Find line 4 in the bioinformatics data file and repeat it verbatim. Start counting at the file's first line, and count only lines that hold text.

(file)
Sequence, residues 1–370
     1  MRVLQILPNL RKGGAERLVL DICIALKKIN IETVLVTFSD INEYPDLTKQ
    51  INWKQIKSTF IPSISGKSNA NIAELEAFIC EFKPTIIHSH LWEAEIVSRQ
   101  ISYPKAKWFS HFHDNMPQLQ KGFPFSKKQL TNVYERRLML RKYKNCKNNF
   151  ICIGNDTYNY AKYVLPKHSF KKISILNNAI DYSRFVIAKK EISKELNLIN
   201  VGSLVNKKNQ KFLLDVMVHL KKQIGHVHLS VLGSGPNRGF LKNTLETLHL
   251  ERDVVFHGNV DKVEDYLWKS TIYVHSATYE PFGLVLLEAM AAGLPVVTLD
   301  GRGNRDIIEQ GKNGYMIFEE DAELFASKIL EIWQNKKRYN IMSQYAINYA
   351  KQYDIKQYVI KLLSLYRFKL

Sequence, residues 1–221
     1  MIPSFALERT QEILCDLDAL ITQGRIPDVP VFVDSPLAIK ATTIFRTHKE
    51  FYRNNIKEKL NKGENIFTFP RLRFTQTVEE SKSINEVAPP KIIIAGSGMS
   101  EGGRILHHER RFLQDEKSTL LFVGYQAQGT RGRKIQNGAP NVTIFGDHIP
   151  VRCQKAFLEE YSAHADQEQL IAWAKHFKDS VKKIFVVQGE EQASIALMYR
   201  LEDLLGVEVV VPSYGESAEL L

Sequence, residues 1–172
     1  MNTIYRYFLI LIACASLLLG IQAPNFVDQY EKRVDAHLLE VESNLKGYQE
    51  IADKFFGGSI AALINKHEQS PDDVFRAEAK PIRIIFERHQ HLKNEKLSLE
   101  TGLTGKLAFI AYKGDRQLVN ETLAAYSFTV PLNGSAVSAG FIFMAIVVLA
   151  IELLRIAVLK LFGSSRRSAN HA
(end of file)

   101  ISYPKAKWFS HFHDNMPQLQ KGFPFSKKQL TNVYERRLML RKYKNCKNNF